[CentOS] Re: Linux Trademarked?

David Johnston david at littlebald.com
Tue Sep 6 01:06:52 UTC 2005


On Tue, 2005-08-23 at 19:11 -0500, Mike McCarty wrote:
> Bryan J. Smith wrote:
> > Mike McCarty <mike.mccarty at sbcglobal.net> wrote:
> > 
> >>If you make modifications to the source, and redistribute
> >>it according to GPL, then source you are distributing has
> >>the trademark in it.  And that's a violation.
> > Then you'd have to yank every God damn piece of Linux
> > software on the shelf, distributed on the Internet, etc...
> > anytime someone put a trademark on them.  You'd eventually
> > _kill_ anything GPL being marked with anything, because GPL
> > couldn't be used for anything where someone applied a
> > trademark.
> That was, I think, the concern of the OP.
> 
> > I can distribute 100% non-GPL software with GPL software, yet
> > I can't distribute a trademark.
> What I saw was a post by someone who noted that Linus Torvald
> has trademarked Linux(R) and is now actively *enforcing* that
> trademark, and wondered whether this had any impact on GPLd
> code, specifically the kernel itself, which has the Linux(R)
> mark embedded in it in comments.
> 
> I'm not a lawyer. I only know that I was at a company which used
> a term in source comments which another company later trademarked.
> We were forced to change those comments in source to remove the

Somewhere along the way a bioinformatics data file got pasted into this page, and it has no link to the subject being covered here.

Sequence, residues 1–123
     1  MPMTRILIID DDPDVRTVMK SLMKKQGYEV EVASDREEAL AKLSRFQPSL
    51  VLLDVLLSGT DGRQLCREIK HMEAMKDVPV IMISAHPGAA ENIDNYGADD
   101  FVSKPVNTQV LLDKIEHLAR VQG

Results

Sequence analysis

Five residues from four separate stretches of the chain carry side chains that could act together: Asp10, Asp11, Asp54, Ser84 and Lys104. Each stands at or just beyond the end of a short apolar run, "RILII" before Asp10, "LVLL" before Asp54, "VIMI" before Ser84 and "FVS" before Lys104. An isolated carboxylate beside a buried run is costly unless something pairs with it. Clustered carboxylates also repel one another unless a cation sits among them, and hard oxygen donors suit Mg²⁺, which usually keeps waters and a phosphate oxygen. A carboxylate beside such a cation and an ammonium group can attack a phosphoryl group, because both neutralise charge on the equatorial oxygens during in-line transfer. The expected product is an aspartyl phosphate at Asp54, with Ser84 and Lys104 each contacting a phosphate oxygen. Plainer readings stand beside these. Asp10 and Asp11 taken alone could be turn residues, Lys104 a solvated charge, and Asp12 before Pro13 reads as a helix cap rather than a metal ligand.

> use of the trademarked sign. This was in source which was not
> distributed

I think your company's lawyers decided it was cheaper to spend a
thousand programmer-hours changing comments than to do their jobs.
Trademark law prohibits you from making a buck off another guy's
trademark; it does NOT require you to change comments in code you don't
distribute.

There's an old example from the computer industry: DEC used to sell
computers under the trademark VAX, while another company (Danish, if I
remember correctly) sold vacuum cleaners under the same name.  There was
no trademark conflict because no one in his right mind is going to
confuse a VAX vacuum with a VAX computer.  A quick pair of letters (one
from DEC disclaiming any interest in selling vacuums, and one from VAX
disclaiming any plans to sell computers) and the problem went away.

Linus' trademark means is that no one can sell software under the name
Linux(R) without his permission, and that's all it means.  And in
reference to his enforcing the trademark, if he doesn't then he loses
it.




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